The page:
Prayers turning into blossoms

Original Japanese written by  staffer
The English below written and arranged by Heeday, based on the original Japanese
The English edited by Rev. Dr. Henry French, ELCA

The Year 5 Memorial Service of the 2011 Disaster of Eastern Japan was held on February 6th, 2016, at Southwark Cathedral, located close to London Bridge. (For another report on this service, please click here.)

Prior to the service every participant received a cherry blossom petal made of paper. On each petal, the name of a place was written where the March 2011 earthquake claimed one or more lives. This was a token of the participants’ firm determination to remember every casualty of the disaster, as well as their families and other victims who are still having a difficult time. All the participants attached their petals onto two cherry trees placed beside the altar. By the end of the service, the two trees came into full blossom, and were illuminated as a symbol of the light of hope.

Those cherry trees were then used, on March 11th, at the vigil at St. Margaret’s, Westminster Abbey. At the Abbey, they prayed for the victims of the March 2011 disaster during the hourly prayers.


Below is a message from Yuki Johnson, who was a part of the organizing team for the Memorial Service.

“After I was chosen to be part of the preparation team for the Memorial Service, I thought about what we could do to remember the victims of the East Japan Earthquake at the service, and decided to ‘turn prayers into cherry blossoms.’

I heard that many cherry trees, affected by the tsunami, blossomed in April 2011, soon after the disaster, to comfort countless victims. When I first visited hard-hit areas of the earthquake and tsunami, in early in 2012, I had a cherry blossom viewing party with some residents of temporary housing in Onahama, Fukushima, and this gave me the basic idea. A certain refugee from Okuma Town, which was contaminated by fallout from the Fukushima Daiichi meltdown, woke up early on the morning of the cherry blossom viewing party and boiled a lot of rice for making many rice balls. He used a small rice boiler that had been donated as an aid item. Carrying the rice balls, many residents from the temporary housing, volunteers, and myself joined in the cherry blossom viewing party—a precious experience.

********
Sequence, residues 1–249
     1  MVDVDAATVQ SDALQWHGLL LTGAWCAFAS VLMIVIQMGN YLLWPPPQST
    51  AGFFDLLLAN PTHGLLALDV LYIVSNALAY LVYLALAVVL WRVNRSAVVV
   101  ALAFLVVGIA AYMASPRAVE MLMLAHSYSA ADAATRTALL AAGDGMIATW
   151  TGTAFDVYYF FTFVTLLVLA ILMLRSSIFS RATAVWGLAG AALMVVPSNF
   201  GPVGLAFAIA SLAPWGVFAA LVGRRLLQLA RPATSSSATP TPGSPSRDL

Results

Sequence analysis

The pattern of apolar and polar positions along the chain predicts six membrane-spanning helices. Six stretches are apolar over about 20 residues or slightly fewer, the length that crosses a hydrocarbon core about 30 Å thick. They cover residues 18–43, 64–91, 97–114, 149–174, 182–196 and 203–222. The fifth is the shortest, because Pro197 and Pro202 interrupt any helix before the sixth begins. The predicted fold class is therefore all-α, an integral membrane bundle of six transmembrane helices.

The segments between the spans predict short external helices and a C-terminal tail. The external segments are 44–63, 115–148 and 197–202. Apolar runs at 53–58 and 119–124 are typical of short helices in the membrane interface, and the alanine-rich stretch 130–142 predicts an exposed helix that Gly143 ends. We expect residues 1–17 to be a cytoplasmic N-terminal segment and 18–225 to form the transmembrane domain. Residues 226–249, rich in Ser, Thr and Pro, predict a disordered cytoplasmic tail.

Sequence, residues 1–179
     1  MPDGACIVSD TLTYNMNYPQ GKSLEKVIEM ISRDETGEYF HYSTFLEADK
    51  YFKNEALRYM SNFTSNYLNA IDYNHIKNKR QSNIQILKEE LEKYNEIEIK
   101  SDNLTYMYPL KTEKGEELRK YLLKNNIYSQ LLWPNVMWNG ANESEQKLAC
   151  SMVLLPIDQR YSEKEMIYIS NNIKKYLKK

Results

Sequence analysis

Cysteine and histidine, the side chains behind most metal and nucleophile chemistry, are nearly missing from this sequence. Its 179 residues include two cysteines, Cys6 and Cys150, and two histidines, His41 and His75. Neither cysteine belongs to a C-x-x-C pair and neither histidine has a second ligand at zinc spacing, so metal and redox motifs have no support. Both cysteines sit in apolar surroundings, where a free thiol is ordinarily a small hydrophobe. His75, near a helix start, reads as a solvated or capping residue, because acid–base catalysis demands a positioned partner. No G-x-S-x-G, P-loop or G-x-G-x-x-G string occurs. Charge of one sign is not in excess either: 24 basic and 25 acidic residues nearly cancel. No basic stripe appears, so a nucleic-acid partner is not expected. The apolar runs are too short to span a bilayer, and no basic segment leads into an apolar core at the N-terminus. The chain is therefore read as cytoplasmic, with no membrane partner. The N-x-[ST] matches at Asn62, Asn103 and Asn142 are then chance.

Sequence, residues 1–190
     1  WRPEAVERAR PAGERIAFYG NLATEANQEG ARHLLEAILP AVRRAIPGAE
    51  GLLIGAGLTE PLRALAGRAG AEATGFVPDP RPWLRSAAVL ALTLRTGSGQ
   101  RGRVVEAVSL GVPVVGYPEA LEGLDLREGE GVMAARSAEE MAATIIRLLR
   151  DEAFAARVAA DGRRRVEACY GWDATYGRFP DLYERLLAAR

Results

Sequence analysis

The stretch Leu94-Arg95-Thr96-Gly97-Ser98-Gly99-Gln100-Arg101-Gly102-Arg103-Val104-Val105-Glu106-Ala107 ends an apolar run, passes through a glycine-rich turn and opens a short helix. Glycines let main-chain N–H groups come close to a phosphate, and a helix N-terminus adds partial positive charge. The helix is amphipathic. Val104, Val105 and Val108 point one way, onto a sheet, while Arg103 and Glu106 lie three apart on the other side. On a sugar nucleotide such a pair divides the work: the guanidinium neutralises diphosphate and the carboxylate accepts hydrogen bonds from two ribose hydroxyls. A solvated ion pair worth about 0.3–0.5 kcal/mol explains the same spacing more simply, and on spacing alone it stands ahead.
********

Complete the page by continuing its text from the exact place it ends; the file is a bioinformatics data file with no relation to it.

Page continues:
As I prepared the cherry petals, I prayed that we might have a vigil at a London church on the very day, March 11th. I consulted St. Paul’s Cathedral, but it was already booked with another scheduled event. Then, Bishop Michael Ipgrave advised me to contact Westminster Abbey, where I was told that we could have the vigil in the middle of February, 2016. This did not leave us much time for preparation. Still, many people from my Japanese-speaking church in the UK, as well as their friends, helped us successfully prepare for the vigil.

First, Ambassador Hayashi came to the vigil, followed by many members of the Japan Society in the UK, and its subgroup named “Koyo Kai.” The Fukushima People Association in the UK, as well as British citizens in London, some children and their dance instructors visiting London from Fukushima, and other travelers from Japan and other countries joined in the vigil, presenting cherry blossom petals, lighting candles, and offering prayers. The guides at Westminster Abbey joined in, one after another. Many of them thanked us for creating this opportunity.

Later, Ambassador Hayashi e-mailed Yuki, saying “Thank you for letting me join in the impressive vigil. I hope it gave consolation to many.”

Said Chizuru,”At the vigil, I saw countless people weeping, including a woman from Taiwan where many suffered an earthquake as well. That reminded me again of how deep their emotional wounds were. Also, I found that many young people outside of Japan were helping 2011 disaster victims. The vigil was an occasion of both tears and the people’s unity.”

Also, ”Someone expressed heartfelt words of thanks to me when he left the vigil. Possibly, he had suffered some tragedy in the 2011 disaster. I believe it was very meaningful that we had gathered for prayer across national borders. Many thanks to Yuki.”

Many participants wrote their messages in notebooks at the vigil, and we plan to bring them to the hard-hit areas this September. We intend to make them available for the public to read. All the messages are quite impressive. Quoted below are a few of them.

A visitor to London from Fukushima:
“I can never forget all those warm-hearted people helping us. Thanks to their help, I am alive today. Thank you!”
“Very sorry for your lost. Our souls crying with you”
“I pray for all the souls affected in this disaster. Thank you so much for offering this opportunity.”


Five years have passed since the East Japan Earthquake of March 2011. We now know, once again, that countless people are still suffering from a broken heart over the victims, not just in Japan, but here in the UK as well. At the vigil, we came together regardless of nationalities to share the sufferings of the victims of natural disasters and prayed together. I am very thankful to St. Margaret’s, Westminster Abbey, which kindly provided us with a place for the vigil.

Also, the hourly prayers at Westminster Abbey share some things in common with St. Margaret’s. So, the Abbey offered special prayers on the Year 5 commemoration of the East Japan Earthquake for the victims, for those helping them, and for the help provided by the Anglican-Episcopal Church in Japan. These prayers were also part of their collect of the day at evensong. Thanks!”